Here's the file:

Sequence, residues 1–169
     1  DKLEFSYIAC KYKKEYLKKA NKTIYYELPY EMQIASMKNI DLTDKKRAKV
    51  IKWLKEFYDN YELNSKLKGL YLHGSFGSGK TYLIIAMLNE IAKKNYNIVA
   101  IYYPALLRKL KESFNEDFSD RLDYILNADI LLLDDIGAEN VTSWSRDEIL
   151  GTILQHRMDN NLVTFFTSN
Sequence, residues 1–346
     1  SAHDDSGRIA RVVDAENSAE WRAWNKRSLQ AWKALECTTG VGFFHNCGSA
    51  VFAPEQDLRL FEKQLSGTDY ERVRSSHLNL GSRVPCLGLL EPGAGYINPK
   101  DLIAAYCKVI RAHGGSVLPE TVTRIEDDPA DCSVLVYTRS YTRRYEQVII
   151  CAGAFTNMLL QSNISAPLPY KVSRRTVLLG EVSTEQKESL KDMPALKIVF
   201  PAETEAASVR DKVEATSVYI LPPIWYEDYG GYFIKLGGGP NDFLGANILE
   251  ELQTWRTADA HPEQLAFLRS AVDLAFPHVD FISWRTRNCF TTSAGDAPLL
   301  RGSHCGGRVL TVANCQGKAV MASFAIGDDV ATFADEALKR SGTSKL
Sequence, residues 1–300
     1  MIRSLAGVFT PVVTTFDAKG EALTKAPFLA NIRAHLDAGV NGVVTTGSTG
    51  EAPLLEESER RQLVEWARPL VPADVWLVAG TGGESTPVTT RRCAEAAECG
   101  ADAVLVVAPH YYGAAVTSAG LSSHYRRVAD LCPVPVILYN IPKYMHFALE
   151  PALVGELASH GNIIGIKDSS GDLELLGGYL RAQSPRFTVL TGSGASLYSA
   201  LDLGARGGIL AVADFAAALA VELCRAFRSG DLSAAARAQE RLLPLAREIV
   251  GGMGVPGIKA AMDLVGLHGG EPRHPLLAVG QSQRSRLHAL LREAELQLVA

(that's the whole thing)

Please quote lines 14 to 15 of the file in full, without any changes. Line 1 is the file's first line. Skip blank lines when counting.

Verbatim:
Sequence, residues 1–300
     1  MIRSLAGVFT PVVTTFDAKG EALTKAPFLA NIRAHLDAGV NGVVTTGSTG